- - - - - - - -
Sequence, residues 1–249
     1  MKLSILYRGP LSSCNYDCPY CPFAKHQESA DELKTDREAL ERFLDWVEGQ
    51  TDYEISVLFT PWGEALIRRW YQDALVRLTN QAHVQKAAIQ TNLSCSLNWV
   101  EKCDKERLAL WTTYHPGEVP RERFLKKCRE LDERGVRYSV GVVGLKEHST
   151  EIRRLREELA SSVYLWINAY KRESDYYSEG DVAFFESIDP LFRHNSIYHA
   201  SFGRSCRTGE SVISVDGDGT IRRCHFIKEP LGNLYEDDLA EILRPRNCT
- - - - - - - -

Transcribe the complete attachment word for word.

Sequence, residues 1–249
     1  MKLSILYRGP LSSCNYDCPY CPFAKHQESA DELKTDREAL ERFLDWVEGQ
    51  TDYEISVLFT PWGEALIRRW YQDALVRLTN QAHVQKAAIQ TNLSCSLNWV
   101  EKCDKERLAL WTTYHPGEVP RERFLKKCRE LDERGVRYSV GVVGLKEHST
   151  EIRRLREELA SSVYLWINAY KRESDYYSEG DVAFFESIDP LFRHNSIYHA
   201  SFGRSCRTGE SVISVDGDGT IRRCHFIKEP LGNLYEDDLA EILRPRNCT